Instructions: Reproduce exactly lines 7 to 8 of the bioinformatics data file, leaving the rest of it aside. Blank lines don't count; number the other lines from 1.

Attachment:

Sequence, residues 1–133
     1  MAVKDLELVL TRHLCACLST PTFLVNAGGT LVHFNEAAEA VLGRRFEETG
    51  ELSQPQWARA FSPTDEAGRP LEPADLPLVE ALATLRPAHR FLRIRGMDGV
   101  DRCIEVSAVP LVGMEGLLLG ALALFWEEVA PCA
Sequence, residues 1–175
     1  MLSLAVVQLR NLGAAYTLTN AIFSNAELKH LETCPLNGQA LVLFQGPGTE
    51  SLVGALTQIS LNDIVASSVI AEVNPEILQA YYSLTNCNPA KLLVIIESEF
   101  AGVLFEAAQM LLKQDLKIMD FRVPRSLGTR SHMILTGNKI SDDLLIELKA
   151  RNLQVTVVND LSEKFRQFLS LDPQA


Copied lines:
    51  SLVGALTQIS LNDIVASSVI AEVNPEILQA YYSLTNCNPA KLLVIIESEF
   101  AGVLFEAAQM LLKQDLKIMD FRVPRSLGTR SHMILTGNKI SDDLLIELKA